“I want the 50-(yard) freestyle first. Then I want the 100,” Paione said. “I want the school records one by one.”

Paione, an Edward Little High School junior, left at least one off the list.

Lest you think she’s being forgetful or overly generous to the prior standard-bearer, keep listening.

“The 100 breaststroke is Melissa’s. I think I’m going to save that one for last,” Olivia added. “The best for last. And if not, at least both our names will be on the board.”

Melissa is Olivia’s older sister, now swimming a mile down the street from the Lewiston YWCA at Bates College.

Their brother, Andrew, graduated this past June and is in the U.S. Navy.


EL coach Scott Morrison is sad that an era will end with Olivia and grateful for his good fortune at the same time.

“I had the Brodsky boys, Andrew and Tim,” Morrison said. “I’ve had these little pockets of unbelievable swimmers. It’s crazy. How does that happen?”

Paione spent her sophomore season stalking EL’s 200 individual medley record, set by Vanessa Williamson — another Red Eddie who took her talents to Bates — more than a decade ago.

The spotlight of the KVAC championship meet was just the push, or pull, that Paione needed. Brunswick’s Jessica Russell smashed the conference record that day. Her blistering pace inspired Paione to the new EL mark of 2:13.75.

“I was close enough to the time that I knew if I pushed I’d be able to get it,” Paione said. “The record pushes you. It gives you that self-motivation, that motor.”

Paione also finished second in the 100 breaststroke at KVACs.


Although she was ill at the Class A state meet, she still produced finishes of the third in the 200 IM and fourth in the 100 breast.

Morrison might have been surprised to know that Paione was aware of Russell’s presence in the record-setting race. The coach sees that as the hallmark difference between the sisters.

“Melissa is someone who was very precise. She was concerned about swimming, the competition, like it just ate her up. Olivia is a wild and free spirit,” Morrison said. “She doesn’t care who the race is against. Melissa would want to know, OK, am I swimming against the best swimmer from that school or what’s going to happen with the race? Olivia doesn’t care. There’s no fear. She just goes for it.”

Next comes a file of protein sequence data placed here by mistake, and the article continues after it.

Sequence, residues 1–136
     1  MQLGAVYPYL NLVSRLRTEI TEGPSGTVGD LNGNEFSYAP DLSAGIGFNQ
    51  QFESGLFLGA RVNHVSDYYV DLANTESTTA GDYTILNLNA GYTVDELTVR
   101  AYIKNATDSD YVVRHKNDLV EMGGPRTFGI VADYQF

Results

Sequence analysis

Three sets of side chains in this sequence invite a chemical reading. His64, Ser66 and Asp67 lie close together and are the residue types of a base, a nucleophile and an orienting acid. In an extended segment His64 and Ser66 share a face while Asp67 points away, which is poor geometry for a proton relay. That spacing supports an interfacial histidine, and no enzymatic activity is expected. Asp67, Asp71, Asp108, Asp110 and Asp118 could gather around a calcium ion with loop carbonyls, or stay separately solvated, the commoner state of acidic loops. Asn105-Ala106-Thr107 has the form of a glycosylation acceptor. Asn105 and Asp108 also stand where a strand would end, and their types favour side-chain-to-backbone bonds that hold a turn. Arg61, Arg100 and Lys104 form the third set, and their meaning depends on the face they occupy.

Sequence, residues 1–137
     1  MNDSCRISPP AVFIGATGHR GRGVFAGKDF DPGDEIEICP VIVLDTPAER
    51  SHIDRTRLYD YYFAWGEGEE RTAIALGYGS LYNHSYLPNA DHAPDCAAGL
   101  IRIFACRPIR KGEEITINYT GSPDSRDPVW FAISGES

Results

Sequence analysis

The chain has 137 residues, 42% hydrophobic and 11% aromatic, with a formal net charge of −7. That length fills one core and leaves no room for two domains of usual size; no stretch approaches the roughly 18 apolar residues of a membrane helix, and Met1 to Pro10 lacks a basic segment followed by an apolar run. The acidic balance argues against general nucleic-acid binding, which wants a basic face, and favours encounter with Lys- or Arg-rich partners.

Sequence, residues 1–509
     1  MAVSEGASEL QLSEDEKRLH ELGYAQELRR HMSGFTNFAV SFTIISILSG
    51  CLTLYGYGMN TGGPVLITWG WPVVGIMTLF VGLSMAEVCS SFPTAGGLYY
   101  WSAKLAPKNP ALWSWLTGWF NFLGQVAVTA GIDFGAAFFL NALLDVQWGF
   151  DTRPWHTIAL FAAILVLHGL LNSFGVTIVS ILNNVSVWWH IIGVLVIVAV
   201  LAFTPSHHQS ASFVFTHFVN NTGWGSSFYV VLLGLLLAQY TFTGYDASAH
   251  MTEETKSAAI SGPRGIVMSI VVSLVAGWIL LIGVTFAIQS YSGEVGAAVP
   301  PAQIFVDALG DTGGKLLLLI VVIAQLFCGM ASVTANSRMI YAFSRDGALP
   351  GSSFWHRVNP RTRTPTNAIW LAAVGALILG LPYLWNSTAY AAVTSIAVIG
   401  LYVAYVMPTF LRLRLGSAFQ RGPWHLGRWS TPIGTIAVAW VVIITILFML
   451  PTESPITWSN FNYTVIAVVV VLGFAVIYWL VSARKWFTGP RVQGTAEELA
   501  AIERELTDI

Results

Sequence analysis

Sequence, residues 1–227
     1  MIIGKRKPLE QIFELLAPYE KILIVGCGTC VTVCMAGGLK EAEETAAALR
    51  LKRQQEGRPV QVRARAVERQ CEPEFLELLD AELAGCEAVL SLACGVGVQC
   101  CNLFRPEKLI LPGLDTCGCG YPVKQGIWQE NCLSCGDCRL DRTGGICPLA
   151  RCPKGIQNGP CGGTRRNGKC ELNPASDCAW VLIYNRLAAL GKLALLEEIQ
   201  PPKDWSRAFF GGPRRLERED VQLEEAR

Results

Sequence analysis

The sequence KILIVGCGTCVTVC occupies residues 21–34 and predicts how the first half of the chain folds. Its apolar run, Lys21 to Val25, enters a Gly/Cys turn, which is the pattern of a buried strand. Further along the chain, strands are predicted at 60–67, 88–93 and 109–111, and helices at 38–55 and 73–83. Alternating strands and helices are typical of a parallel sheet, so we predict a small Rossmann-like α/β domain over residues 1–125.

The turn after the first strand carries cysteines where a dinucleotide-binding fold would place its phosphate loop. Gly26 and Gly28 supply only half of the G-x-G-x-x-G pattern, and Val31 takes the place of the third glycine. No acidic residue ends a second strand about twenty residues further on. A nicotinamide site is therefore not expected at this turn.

Paione, who will swim every individual event on the docket at some point during the regular season — and will be the heavy favorite in most of them — can see his point.

“Coach says she thinks about it too much, and I just go out there and have fun. I think that’s what is the difference,” Olivia said. “I just dive in, whatever. You can’t overthink.”

The youngest Paione took up the competitive sport as a tag-along at age 6. Her mom, Janet, was curious to see whether or not the allure of the pool would stick.


It did, along with soccer and softball.

Now her goal is to leave a list of numbers on the wall adjacent to the YWCA pool that are equally enduring.

Morrison predicted that Paione’s wish list may come true.

“I think it’s quite likely that Olivia will set three more records on that board this year,” he said. “50 free, 100 free, and then from there it could go to the 500 free. She could break Melissa’s 100 breaststroke record. Those are all within realm.”

Bring it on, Paione said. That’s the element of the sport she likes best.

“It’s you against the clock really,” she said. “Meanwhile, racing against other people makes it better.”

That goes for other people, past or present.

Acquaintances and sisters, alike.


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